Non-franchise sequels you'd like to see

by Paul William Tenny

Supposedly polled 32,000 people about which non-franchise sequel they'd like to see made. I'm dubious of their methodology because first and foremost, they already admitted that it was an online poll which means it's already less than useless, but also because I can't find anything about this poll but blurbs. No breakouts, nothing about who conducted the poll and the restrictions like how many times a person could vote and what it took to vote like email or other types of verification that you're a unique individual.

In the words of Aldo Raines, we have a word for that around here. Suspicious.
Online polls are inherently garbage precisely because it's so difficult to maintain integrity. It's not difficult to appear as more than one person and skew the results, in fact it happens all the time. And as if it weren't bad enough that the poll results are of questionable integrity, the results are also of questionable value.

Nobody but us cares what sequel the fans want to see made, the studios are going to make whatever they think has the best shot at either winning them an Oscar, or making the most money. There isn't anything that's going to interfere with that, not even a bout of good common sense.

Alas, the top five results (as I said, I couldn't find the poll results themselves so I have no clue what the rest of the top 10 were) are not very inspiring.

1. The Hangover
The top non-franchise film that fans wanted to see a sequel made for was The Hangover. 37% of the vote -- a little less than 12,000 out of the 32,000 sample -- made it an easy winner over runner-up District 9. Considering that the movie "only" cost $35 million to make, but brought in $459 million worldwide, it's not a stretch to expect a follow-up sometime in 2011. Purely from an analytical view, not at all based on popularity, I would have given this movie the biggest chance at seeing a sequel based on its box-office success alone.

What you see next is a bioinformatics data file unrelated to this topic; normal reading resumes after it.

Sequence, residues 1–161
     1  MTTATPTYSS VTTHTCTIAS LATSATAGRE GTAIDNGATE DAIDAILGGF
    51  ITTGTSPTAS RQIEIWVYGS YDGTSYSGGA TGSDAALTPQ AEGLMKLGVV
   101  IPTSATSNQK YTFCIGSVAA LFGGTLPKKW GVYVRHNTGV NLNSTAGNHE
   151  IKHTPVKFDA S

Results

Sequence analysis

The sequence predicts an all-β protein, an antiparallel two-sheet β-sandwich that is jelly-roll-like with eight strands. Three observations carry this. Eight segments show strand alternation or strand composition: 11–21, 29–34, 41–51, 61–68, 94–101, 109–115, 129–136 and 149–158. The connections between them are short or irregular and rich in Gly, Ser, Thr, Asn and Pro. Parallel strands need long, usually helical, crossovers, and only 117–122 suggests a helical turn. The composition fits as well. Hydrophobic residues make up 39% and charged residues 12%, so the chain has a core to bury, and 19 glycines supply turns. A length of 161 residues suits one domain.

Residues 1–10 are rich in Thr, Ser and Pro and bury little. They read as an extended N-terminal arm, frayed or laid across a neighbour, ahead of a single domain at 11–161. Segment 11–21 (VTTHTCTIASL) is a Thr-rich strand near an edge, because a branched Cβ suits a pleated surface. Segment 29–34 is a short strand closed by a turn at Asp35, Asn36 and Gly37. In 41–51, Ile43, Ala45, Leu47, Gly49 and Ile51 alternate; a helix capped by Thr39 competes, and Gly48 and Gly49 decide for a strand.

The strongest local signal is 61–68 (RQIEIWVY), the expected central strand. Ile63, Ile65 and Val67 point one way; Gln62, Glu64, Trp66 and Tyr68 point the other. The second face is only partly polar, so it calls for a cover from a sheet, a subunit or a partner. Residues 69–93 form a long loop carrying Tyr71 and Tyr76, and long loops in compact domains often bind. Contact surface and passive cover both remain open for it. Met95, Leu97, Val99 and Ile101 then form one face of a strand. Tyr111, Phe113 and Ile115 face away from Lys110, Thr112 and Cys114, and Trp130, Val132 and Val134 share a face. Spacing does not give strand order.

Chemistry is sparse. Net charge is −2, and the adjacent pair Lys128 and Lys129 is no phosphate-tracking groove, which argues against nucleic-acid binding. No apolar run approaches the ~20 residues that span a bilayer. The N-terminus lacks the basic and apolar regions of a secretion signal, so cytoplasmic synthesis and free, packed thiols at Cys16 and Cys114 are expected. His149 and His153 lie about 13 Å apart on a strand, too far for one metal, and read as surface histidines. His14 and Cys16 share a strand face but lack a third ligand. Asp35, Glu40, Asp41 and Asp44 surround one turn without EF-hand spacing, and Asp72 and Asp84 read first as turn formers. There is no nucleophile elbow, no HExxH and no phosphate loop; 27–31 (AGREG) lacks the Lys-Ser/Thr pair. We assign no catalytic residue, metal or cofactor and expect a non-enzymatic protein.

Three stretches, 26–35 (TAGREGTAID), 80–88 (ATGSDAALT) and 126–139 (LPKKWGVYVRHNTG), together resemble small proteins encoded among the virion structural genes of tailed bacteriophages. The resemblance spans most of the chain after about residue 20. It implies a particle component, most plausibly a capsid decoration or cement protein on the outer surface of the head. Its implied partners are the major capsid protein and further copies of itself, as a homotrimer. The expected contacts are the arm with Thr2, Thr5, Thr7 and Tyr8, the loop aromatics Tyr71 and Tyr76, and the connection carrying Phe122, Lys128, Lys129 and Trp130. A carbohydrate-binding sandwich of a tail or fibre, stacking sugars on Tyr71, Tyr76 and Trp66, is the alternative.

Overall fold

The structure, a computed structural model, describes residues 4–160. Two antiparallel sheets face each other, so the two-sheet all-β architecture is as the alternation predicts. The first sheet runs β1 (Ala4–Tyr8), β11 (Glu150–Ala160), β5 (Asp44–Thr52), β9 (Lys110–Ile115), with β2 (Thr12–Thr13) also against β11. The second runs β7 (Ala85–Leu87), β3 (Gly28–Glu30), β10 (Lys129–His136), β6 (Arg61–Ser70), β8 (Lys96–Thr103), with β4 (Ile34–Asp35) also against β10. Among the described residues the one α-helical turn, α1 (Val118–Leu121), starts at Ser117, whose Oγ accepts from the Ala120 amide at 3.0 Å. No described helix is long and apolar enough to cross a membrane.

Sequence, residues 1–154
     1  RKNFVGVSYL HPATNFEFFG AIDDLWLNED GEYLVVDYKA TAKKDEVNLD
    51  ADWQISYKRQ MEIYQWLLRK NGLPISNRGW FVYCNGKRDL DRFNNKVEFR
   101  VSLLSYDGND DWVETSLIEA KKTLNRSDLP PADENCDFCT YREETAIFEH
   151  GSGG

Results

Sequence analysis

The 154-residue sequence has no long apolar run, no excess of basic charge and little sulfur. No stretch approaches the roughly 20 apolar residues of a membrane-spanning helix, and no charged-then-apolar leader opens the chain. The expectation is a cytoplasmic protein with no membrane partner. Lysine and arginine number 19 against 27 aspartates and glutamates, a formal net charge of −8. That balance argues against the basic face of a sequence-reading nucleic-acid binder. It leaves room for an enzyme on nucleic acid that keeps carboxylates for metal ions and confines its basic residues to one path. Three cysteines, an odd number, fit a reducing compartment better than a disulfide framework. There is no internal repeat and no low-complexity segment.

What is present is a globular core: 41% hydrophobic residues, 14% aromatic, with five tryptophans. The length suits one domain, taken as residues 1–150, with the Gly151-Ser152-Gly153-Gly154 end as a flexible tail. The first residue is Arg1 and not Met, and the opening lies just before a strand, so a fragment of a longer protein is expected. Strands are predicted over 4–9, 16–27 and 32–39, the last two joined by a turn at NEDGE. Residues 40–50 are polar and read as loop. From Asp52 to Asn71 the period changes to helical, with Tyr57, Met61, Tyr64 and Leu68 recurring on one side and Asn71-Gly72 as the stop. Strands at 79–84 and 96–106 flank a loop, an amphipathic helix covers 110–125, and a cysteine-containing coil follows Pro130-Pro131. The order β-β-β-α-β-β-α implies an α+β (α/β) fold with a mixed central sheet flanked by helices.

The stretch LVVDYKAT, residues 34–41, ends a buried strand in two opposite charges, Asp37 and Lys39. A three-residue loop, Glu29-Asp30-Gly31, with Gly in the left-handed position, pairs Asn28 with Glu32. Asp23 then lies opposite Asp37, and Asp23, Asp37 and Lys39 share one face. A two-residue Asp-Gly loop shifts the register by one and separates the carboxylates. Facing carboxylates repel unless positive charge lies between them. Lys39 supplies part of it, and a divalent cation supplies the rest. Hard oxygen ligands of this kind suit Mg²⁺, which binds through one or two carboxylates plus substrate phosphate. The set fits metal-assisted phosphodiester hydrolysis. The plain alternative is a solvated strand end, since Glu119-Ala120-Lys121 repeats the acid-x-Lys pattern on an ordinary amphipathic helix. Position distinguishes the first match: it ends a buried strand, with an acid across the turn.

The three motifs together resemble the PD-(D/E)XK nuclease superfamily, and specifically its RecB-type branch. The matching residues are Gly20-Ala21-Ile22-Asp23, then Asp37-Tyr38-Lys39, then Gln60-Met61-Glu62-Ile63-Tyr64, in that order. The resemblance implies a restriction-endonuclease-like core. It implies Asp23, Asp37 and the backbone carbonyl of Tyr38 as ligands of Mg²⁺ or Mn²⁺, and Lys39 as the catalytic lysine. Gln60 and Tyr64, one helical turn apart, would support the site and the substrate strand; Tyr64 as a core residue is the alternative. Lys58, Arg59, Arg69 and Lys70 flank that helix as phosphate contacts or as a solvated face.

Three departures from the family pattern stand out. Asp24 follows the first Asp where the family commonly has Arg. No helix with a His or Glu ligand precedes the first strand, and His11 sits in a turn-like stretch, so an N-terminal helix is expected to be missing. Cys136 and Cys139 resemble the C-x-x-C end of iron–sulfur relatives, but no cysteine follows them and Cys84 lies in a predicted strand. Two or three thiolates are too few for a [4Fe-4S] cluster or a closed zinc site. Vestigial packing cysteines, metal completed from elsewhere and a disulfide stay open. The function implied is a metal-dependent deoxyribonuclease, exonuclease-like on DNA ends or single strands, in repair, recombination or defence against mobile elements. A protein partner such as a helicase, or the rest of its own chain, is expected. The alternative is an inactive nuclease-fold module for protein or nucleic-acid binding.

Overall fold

2. District 9
I've heard good things about this movie and anticipate seeing it on DVD soon, but there's really not a chance in hell it'll get a sequel. This was not a studio system film, which is to say there isn't a billion dollar company with bags of money laying around to take advantage of District's unlikely success. Unless one of the big studios wants to fund it, this is all you're going to get. 27% of those polled want a sequel though, and the studios would be smart to listen.

3. G. I. Joe: Rise of the Cobra
A violent, action-filled brain dead popcorn flick voted third by 21% of those polled. It wasn't liked by critics and won't win any awards, but it made decent coin (if it hadn't cost so much to make it might have actually broke even at the box-office) and nothing excites studios more than brain dead action flicks that don't bankrupt them. I'm sure someone will do a sequel eventually, one that will lower our collective IQs and further push the human race towards extinction.

4. Watchmen
The number of people who voted for Watchmen (8%) is roughly how many people went to see the film in the first place. In other words it was a box-office failure. It cost $130 million to make but only made $185 million globally, which translates to $100 million for the studio(s) after the theater's take. That $100 million gets split into chunks between the domestic and foreign distributors, and doesn't account for marketing which usually runs tens of millions for movies like this. Nobody is going to think about touching that disaster for while. Forget about it.

5. Paul Blart: Mall Cop
Looked pretty funny and just barely lost out to Watchmen with 7% of the vote. That says a lot about both this list, and Watchmen. This movie was panned by critics but burned up the box-office, so that's always a nice screw you to them. $26 million budget and $227 million worldwide made it a big, if not unexpected success. Making a sequel should be a no-brainer but I haven't heard about any plans on this front.

How about you, how would your list look?
in Film, Internet


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